The Three Most Common Trademark MisconceptionsArticle by Erik Pelton, March 9, 2020
Every day I hear from business owners with questions about their trademarks; and there are three common misunderstandings that I have to address all of the time.
- The first is that you don’t need a trademark registration. Well, technically that’s true. There is no requirement under the law that you register your trademark, but without a trademark registration you’re missing out on a huge value. Trademark registration means that you’re going to show up in the public databases when others are searching. It means that the US Patent & Trademark Office will actually do some of the work for you in helping avoid conflicts when others apply. And, having a trademark registration allows you to use the R with a circle – ® – and creates a tangible asset for your business.
- A second common misunderstanding is that you do not need a lawyer to register a trademark. Well again, technically that’s correct. But those who apply without a lawyer often end up spending more money in the long run to fix their problems because the application process has many pitfalls and obstacles. And an improper application can not only lose your filing fee with the patent and trademark office, but can actually harm the protection of your trademark if it’s not done properly. So using a lawyer provides a great value.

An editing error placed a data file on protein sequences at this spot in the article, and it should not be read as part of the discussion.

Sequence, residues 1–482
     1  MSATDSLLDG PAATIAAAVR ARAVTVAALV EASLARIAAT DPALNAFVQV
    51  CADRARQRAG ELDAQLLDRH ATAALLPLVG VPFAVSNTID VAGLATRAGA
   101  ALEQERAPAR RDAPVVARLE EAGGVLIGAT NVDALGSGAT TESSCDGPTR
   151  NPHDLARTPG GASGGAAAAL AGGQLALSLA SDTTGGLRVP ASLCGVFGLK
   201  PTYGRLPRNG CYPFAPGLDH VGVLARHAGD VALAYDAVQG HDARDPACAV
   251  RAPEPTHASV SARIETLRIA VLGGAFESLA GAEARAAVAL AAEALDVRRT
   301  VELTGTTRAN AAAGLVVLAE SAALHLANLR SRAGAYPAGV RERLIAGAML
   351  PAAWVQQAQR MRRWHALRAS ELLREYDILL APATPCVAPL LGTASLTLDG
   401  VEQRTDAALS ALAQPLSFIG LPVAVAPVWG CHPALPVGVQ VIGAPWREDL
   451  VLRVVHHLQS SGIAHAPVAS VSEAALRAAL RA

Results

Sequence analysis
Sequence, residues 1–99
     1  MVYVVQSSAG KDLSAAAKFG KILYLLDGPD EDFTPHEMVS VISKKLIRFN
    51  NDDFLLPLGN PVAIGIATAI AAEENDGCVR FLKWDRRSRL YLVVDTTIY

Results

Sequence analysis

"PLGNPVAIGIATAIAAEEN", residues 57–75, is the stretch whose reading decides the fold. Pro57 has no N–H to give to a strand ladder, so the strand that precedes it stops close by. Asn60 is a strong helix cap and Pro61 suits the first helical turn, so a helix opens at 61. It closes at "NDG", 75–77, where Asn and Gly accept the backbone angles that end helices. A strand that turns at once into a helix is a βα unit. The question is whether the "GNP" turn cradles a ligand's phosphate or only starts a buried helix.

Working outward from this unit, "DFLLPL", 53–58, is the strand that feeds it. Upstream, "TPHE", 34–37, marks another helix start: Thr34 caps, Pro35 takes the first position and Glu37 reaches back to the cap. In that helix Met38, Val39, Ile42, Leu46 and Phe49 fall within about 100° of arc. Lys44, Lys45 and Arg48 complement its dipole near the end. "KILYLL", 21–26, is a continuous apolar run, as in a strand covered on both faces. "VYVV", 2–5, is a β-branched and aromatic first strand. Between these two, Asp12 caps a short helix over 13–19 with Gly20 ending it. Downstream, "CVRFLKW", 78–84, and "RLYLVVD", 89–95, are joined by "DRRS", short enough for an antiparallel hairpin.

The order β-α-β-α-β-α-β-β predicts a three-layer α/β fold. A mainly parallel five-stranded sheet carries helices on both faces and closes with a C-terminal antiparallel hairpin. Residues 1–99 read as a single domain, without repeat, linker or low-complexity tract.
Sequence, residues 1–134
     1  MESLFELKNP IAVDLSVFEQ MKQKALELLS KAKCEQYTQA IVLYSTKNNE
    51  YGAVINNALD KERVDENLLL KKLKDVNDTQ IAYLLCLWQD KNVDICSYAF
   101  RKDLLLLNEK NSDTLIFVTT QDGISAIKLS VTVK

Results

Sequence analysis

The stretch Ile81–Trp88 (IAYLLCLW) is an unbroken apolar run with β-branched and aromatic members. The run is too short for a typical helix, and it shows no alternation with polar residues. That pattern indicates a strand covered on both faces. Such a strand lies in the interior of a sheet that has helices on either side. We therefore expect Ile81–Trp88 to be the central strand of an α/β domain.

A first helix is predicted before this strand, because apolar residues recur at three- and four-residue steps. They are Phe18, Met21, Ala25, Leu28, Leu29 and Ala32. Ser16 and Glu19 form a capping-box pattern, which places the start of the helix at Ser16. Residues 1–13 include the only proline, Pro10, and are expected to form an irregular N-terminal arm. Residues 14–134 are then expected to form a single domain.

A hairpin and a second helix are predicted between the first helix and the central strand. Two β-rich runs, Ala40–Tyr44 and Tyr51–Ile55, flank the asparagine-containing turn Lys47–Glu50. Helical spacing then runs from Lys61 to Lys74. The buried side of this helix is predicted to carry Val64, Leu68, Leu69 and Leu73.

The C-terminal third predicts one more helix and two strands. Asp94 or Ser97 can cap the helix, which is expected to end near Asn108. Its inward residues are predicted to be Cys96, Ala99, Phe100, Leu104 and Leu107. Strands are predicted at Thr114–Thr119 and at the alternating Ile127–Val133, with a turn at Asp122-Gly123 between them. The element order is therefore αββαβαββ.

- The third common misunderstanding that I hear frequently is that your name must be unique to protect it and register it. That is not entirely correct either because a name really needs to be unique in an industry or field to be a strong trademark and to be registered; it does not generally need to be unique in the entire universe. For example, there’s a Peter Pan Bus Lines and a Peter Pan Peanut Butter. The name Apple for computers is a well-known brand name, but there are actually many other brands that have the name Apple in their name that aren’t in the computer industry. Actually, Apple Records, which was made famous by The Beatles is a well known example there.
So if you have trademark questions or other misunderstandings to clear up, contact me and let’s sort them out.
To read more about brands and trademark protection, see my book, Building a Bold Brand.Tags: Branding, law, Marketing